Thursday 27 Nov 2014
Fatboy and Lauren set off in search of Whitney, in the week's first visit to the London Borough of Walford.
Meanwhile, Ricky and Carol are shocked when they find out the truth about Whitney.
Elsewhere, Jodie realises she isn't ready to be a stepmum, which forces her to make a decision about her relationship with Darren.
Fatboy is played by Ricky Norwood, Lauren by Jacqueline Jossa, Whitney by Shona McGarty, Ricky by Sid Owen, Carol by Lindsay Coulson, Jodie by Kylie Babbington and Darren by Charlie G Hawkins.
EastEnders is simulcast in HD on BBC One HD on Freesat channel 108, Freeview channel 50, Sky channel 143 and Virgin Media channel 108.
The team deduce that Teresa was fleeing from someone or something in her room – and was willing to take her own life rather than face them – in the concluding part of the latest story of the cold case drama. Meanwhile, Peter Broading's psych report throws up a vital detail. He had been branded by cigarettes as a child and became convinced the burn-holes were eyes looking at him.
Boyd breaks Broading. He admits he was part of Fenchurch's corrupt regime, but Fenchurch was far from the worst thing Endsleigh Lodge had to offer. David Drew – a boy of no more than nine years old – spearheaded the violence and torment. He punished Broading with cigarette burns for being Fenchurch's lackey. He even defied Fenchurch; he was as fearless as he was terrifying.
Recovering from her attack in hospital, Trish Somers offers Sarah a line of enquiry. She admits that young Claire had sent her a letter a couple of years after her disappearance, telling her mother how happy she was. Trish insists her daughter was better off without her. Tracking down the letter, then working on its degraded and charred remains, the team learn where Claire Somers was taken.
Boyd and Sarah break into the abandoned cottage that housed this girl's family. In the children's bedroom they find nightmarish child's drawings on the wall. These children knew the Bag Man too.
As the team race to find the answers, they force the killer – this horrifying tormentor, the Bag Man – to act against them. Can they solve the riddle of a darkly secret family, and its damaged youth, before more blood is spilt?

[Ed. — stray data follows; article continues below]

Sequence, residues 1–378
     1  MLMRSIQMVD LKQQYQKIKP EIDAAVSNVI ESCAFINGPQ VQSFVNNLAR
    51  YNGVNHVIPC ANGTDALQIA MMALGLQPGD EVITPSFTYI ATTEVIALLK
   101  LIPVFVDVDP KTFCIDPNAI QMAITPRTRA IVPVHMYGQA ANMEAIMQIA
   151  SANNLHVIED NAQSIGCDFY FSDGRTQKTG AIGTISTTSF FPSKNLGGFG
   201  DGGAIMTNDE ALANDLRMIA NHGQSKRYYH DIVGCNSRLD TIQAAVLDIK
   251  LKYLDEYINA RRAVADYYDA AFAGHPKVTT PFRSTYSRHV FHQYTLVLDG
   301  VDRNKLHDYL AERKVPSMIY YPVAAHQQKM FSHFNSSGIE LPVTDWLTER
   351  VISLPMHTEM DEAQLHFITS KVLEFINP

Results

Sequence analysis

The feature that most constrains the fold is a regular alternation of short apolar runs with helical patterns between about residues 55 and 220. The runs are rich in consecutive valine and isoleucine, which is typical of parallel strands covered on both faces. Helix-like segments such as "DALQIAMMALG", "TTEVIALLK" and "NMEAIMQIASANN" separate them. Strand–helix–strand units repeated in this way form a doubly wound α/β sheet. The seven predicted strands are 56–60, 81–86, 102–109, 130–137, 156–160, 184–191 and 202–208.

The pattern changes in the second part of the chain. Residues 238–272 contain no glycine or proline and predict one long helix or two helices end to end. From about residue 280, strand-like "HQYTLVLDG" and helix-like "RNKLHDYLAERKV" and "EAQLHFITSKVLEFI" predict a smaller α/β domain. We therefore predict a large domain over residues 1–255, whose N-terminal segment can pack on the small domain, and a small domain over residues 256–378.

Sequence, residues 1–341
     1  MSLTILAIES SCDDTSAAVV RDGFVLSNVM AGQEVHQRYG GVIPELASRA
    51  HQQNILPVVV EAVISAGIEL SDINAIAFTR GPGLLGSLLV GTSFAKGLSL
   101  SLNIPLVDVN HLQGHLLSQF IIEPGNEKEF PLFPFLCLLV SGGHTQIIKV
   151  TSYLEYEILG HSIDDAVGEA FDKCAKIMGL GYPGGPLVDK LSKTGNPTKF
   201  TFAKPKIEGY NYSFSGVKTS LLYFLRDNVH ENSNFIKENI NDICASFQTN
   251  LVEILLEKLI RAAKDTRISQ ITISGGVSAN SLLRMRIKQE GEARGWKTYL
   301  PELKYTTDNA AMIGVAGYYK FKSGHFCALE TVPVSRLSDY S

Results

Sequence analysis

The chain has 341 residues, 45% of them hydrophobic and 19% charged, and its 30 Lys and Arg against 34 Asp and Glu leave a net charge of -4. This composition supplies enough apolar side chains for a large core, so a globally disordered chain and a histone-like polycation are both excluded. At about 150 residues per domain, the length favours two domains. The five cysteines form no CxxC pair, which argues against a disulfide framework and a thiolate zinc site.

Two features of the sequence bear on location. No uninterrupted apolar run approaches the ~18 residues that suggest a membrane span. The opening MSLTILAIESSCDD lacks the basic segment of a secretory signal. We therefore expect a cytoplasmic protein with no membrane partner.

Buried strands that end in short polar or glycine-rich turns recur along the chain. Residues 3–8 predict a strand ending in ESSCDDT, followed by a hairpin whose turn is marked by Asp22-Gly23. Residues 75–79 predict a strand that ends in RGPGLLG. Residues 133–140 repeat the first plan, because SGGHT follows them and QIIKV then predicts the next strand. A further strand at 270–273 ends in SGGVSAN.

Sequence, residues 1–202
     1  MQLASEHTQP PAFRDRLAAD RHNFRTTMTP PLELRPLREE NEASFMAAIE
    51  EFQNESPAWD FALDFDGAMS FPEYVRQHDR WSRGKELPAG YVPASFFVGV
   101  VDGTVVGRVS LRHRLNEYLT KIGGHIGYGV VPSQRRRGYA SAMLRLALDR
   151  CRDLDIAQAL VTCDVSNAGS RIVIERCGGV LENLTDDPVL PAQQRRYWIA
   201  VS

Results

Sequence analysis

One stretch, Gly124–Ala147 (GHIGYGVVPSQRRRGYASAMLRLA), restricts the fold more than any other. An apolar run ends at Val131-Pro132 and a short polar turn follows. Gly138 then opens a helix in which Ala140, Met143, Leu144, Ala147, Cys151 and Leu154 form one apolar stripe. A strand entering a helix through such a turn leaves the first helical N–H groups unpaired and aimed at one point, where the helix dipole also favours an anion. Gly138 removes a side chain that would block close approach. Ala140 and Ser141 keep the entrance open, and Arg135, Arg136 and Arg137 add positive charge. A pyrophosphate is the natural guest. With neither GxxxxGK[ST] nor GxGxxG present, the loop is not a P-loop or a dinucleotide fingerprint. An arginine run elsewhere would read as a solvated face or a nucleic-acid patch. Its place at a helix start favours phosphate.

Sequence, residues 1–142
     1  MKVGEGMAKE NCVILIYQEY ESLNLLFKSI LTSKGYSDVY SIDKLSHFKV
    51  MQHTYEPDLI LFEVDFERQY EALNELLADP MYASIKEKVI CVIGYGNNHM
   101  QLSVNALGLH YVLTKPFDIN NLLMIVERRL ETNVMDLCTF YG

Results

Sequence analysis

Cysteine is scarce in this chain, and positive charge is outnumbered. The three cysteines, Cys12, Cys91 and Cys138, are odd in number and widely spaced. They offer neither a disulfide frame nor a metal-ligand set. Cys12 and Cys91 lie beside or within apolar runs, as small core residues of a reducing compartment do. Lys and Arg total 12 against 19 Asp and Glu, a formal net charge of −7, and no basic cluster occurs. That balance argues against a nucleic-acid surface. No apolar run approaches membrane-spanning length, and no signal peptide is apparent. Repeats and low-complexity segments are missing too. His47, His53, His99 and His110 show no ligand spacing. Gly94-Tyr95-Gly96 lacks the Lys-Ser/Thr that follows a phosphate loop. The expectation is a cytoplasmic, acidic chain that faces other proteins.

Teresa Harding is played by Georgina Rich, Peter Broading by Philip Wright, Det Supt Peter Boyd by Trevor Eve, Robert Fenchurch by Tim Parker, Trish Somers by Mary Jo Randle, Det Supt Sarah Cavendish by Eva Birthistle and Claire Somers by Anna Hope. Care also stars Sue Johnston as Dr Grace Foley, Tara FitzGerald as Eve Lockhart and Wil Johnson as DI Spencer Jordan. Care is written by Richard Warlow.
Dermot and Maria's wedding is just days away and tensions are running high in the Brown household, as the comedy written by and starring Brendan O'Carroll continues. The groom is getting cold feet and his best man, Buster, can't find anything good to say about Dermot in his speech. To cap it all Agnes Brown is mystified as to why her daughter Cathy has given her a book on homosexuality. Is she trying to tell her mother that one of the family is gay?
When Dermot's pre-marriage nerves get the better of him, he does what he always does when stressed: he locks himself in the cupboard. Father Quinn is bemused to have to give Maria and Dermot their pre-marriage talk in slightly unusual circumstances – with the mother of the groom in attendance and the groom in the cupboard. If Dermot won't reappear for the priest, how on earth is Agnes going to persuade him to come out in time for his wedding?
Meanwhile, Agnes Brown goes on a hunt for the homosexual in the family. Eventually she realises who it is. With help from Cathy and a greetings card, Agnes reassures them, and herself, as only she can.